Google Analytics And High Bounce Rates

Posted by Matthew Snider with 10 Comments

If you are a true geek as myself, you will probably check your web analytics way too many times throughout the day. I have always been confused when looking at either Mint or Church Analytics on a few things. Mainly though, the bounce rates are crazy different.

The real reason behind this ghost phenomenon is actually really simple and something that you can fix pretty easily.

But first before I give you the goods, I just want to make sure that you know what the bounce rate actually is. Is it a good thing or a bad thing?

Bounce Rate can be best describe this way:

Bounce rate is the percentage of single-page visits or visits in which the person left your site from the entrance (landing) page. Use this metric to measure visit quality – a high bounce rate generally indicates that site entrance pages aren’t relevant to your visitors. The more compelling your landing pages, the more visitors will stay on your site and convert. You can minimize bounce rates by tailoring landing pages to each keyword and ad that you run.

Okay so check out the details below on how to make sure yours make a bit more sense and are not as crazy as Google leads you to believe they are.

So all you need to do to fix the issue of high bounce rate is add a bit of code into your tracking mechanism provided by Google.

Each time a user spends more than 10 seconds on the website should be the standard you set.

Just add the following line under the pageTracker._trackPageview(); line:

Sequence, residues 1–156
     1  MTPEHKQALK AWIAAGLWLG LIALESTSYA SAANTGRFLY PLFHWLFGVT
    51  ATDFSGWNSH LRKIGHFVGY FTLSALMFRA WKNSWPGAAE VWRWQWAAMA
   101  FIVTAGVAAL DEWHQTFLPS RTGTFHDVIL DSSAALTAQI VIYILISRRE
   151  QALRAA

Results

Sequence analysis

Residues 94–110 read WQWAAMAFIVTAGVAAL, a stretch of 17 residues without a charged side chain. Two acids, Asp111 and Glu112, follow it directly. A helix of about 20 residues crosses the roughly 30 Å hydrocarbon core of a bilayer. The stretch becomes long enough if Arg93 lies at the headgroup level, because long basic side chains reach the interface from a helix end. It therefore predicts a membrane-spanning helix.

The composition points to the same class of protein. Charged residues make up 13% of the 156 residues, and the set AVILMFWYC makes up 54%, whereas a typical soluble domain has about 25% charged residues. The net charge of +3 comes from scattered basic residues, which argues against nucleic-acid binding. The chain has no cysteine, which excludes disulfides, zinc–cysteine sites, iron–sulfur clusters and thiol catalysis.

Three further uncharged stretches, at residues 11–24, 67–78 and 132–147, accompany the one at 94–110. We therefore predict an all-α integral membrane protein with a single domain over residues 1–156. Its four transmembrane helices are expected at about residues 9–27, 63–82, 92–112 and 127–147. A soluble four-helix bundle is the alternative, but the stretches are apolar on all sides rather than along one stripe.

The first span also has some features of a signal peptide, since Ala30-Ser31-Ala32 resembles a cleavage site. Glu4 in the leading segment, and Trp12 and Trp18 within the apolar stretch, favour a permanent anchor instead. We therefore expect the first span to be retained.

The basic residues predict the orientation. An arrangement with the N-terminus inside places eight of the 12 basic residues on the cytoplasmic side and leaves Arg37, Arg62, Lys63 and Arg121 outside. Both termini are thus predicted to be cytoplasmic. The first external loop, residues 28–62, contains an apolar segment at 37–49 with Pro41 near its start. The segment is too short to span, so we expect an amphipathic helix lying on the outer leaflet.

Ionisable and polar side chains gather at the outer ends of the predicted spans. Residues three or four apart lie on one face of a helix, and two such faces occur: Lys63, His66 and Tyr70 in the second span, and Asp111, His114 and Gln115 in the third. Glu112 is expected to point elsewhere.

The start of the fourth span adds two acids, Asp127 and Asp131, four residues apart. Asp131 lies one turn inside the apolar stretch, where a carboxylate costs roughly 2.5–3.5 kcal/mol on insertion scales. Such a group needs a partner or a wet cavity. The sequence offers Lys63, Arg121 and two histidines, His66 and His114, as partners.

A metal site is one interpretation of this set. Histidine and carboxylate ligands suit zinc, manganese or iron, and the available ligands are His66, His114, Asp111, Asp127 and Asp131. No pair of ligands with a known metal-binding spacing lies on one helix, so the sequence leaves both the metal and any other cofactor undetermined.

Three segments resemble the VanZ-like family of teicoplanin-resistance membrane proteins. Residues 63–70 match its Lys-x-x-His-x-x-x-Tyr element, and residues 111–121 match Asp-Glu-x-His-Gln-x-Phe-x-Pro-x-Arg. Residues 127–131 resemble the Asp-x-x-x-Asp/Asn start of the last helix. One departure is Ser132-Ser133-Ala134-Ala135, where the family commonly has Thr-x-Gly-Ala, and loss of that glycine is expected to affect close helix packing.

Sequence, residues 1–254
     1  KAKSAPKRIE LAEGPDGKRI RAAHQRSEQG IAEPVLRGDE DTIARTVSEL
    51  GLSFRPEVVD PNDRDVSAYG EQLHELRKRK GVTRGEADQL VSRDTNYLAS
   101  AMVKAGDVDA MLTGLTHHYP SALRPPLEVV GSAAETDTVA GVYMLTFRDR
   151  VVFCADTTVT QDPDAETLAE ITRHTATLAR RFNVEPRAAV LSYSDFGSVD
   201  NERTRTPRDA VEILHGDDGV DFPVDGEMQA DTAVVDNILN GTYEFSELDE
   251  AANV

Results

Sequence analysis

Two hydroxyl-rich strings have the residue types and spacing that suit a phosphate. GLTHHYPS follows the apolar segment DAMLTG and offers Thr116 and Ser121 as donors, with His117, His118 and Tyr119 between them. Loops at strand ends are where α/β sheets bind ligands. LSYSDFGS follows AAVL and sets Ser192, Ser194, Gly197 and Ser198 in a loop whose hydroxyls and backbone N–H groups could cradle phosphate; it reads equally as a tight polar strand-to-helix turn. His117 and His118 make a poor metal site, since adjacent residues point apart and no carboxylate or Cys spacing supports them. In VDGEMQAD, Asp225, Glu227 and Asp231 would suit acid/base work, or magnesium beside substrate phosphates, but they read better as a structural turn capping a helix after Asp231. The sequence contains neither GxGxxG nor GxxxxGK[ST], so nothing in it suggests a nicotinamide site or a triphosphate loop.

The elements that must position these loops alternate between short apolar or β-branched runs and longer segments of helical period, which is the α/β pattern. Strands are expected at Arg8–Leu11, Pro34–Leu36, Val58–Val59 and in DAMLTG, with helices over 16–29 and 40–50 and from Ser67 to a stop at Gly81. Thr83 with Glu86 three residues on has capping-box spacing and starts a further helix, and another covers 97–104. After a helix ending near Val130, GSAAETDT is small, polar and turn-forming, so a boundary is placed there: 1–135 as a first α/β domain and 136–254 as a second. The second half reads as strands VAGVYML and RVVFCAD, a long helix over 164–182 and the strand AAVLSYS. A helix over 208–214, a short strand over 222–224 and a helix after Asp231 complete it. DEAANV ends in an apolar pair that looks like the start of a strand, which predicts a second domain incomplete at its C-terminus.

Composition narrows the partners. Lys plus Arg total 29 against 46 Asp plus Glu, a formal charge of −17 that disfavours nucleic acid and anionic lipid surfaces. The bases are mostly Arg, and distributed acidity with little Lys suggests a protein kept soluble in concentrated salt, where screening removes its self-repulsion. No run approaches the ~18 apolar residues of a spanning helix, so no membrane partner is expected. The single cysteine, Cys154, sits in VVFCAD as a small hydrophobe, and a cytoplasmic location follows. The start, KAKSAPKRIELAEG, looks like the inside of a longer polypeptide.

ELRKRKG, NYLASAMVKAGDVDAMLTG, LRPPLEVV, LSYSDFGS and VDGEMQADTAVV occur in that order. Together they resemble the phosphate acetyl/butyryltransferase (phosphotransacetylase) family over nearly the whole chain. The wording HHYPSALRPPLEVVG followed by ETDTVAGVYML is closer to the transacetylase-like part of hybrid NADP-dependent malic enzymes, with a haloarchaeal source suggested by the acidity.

setTimeout('pageTracker._trackEvent('NoBounce', 'NoBounce', 'Over 10 seconds')',10000);

If you use the newer Asynchronous Tracking code from Google place it right after the last _gaq.push declaration

setTimeout('_gaq.push(['_trackEvent', 'NoBounce', 'Over 10 seconds'])',10000);

So what the two above declarations is saying is, don’t count visitors that spend less than 10 seconds on my site as a bounce.  This will weed out any bots or sites such as stumbleupon etc from your stats, giving you a bit more details on actually what is happening.

Does this help? Do you even use Google Analytics? You should!

Matthew Snider

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Matthew is the Editor-In-Chief, and founder of Geek for i. He has produced such posts as Top 5 iPhone Apps For The BathroomMac or PC and many more. His love for iDevices started back when he purchased the original iPhone.

10 responses to Google Analytics And High Bounce Rates

  1. interesting. i do use goo analytics and pay a bit of attention to time on site and bounce rate. I might have to explore this a bit more with this little resource you provided. thanks

    • Sure thing brother. I honestly would not invest much time in those visitors of your site that visit for less than 10 seconds. I doubt they are real people at all.

  2. Great stuff, Matthew. Just dropped in the declaration; look forward to seeing the results. Blessings.

  3. I have been using google analytics for just over 2 years now. I am a stats freak so I am always interested in ways to tweak it. Thanks for this gem! I am looking forward to seeing the results!

  4. Great tip, Matthew! I’m going to try this out. I appreciate it–thanks!

  5. I have to say, I haven’t checked my analytics in quite some time. You can get too obsessed with numbers and I don’t want to do that. I just have fun blogging and trying my best to build relationships with other bloggers and commenters.

    Of course, now I will head over and check out my stats… thanks! :)

  6. Thanks for sharing this, it certainly is very helpful since I not only monitor the analytics for my own site but also for work.

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